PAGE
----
The Port maintains its traditional prominence in Britain's container trade with North America while expanding its global routes and now serves more than 100+ non-EU destinations from China to India, Africa, Australia, the Middle East and South America. Liverpool is the UK's leading gateway for imports of grain and animal feed, for the export of recycled metal and the movement of freight between Britain and Ireland.View slideshow of larger images (1/3)
Other commodities handled on the 1,200 acres of operational docks on both banks of the River Mersey include timber and forest products some of it delivered on daily trains from Germany and Italy via the Channel Tunnel approximately 11 million tonnes of crude oil for Shell's Stanlow Refinery in Cheshire, imports of coal amounting to 3 million tonnes a year, nearly 1 million tonnes of edible oils and fats, cocoa, steel, copper, aluminium and other metals, granite, chemicals and general cargo, plus approaching three quarters of a million people travelling on Irish Sea ferry services and the growing number of cruise ships embarking passengers and making day calls at the port.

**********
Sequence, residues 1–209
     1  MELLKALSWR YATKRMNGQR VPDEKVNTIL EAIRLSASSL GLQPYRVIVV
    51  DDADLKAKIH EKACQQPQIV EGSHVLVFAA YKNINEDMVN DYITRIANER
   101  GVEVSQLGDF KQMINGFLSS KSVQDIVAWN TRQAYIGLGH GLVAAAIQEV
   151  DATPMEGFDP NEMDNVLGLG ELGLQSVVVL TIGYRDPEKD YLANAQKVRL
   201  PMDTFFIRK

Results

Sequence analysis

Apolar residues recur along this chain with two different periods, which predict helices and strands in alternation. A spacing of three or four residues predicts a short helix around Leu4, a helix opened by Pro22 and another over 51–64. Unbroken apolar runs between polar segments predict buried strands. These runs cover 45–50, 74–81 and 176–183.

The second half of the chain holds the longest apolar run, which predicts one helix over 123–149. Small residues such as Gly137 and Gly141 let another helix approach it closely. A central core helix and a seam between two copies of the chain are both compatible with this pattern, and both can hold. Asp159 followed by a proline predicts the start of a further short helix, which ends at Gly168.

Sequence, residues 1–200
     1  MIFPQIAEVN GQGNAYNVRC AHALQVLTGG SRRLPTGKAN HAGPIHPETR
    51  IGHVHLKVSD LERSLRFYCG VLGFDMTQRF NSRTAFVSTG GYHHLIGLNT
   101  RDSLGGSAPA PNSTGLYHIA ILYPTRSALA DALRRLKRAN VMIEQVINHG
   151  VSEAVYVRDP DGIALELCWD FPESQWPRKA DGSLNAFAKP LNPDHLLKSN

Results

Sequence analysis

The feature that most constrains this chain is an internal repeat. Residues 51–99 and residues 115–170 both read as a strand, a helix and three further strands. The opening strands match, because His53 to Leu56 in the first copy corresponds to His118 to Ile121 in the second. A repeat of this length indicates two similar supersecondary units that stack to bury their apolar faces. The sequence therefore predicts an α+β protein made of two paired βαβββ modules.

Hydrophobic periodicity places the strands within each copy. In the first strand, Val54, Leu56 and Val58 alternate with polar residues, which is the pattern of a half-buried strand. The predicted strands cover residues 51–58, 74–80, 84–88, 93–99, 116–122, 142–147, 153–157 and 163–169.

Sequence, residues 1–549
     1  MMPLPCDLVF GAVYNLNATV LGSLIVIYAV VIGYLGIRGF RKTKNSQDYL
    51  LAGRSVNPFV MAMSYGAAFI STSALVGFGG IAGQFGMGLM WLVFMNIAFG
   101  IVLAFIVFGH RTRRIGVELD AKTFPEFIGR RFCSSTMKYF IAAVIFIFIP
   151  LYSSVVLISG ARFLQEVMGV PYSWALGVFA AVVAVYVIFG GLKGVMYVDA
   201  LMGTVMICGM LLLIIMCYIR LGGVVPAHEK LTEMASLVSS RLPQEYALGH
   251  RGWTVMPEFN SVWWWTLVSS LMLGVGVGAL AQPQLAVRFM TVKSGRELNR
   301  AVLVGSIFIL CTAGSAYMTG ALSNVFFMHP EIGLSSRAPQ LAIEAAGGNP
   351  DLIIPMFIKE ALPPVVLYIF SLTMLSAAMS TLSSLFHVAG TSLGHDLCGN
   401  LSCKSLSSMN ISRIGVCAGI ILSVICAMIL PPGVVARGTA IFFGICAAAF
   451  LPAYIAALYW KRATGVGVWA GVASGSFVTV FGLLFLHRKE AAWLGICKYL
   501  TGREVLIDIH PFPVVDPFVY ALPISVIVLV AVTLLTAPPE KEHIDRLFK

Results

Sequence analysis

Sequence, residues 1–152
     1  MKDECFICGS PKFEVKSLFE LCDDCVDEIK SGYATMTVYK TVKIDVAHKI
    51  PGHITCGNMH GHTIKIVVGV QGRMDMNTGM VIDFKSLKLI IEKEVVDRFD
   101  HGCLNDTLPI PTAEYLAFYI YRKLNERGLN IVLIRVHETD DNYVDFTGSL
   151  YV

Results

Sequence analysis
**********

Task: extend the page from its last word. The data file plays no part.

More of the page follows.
Liverpool is planning a second container terminal to be built in the River Mersey at a cost of £100 million and able to simultaneously accommodate two of the new generation post-Panamax container ships. The new facility, capable of handling 500,000 teus a year, will almost double Liverpool's container capacity to nearly 1,500,000 teus.
The Port's cruise trade which has been developed from an initial 3 sailings in 1992 to 40 planned for the 2009 season, received a major boost with the official opening in late 2007, of a new cruise terminal enabling the largest ships to berth alongside Liverpool's iconic Pier Head.
The Port of Liverpool is also home to the UK's largest free zone, Liverpool Freeport, accommodated in more than 3 million square feet of warehousing with another 400,000 sq ft planned, bringing the port's total logistics accommodation to more than 4 million sq ft.
©2010 Peel Ports Group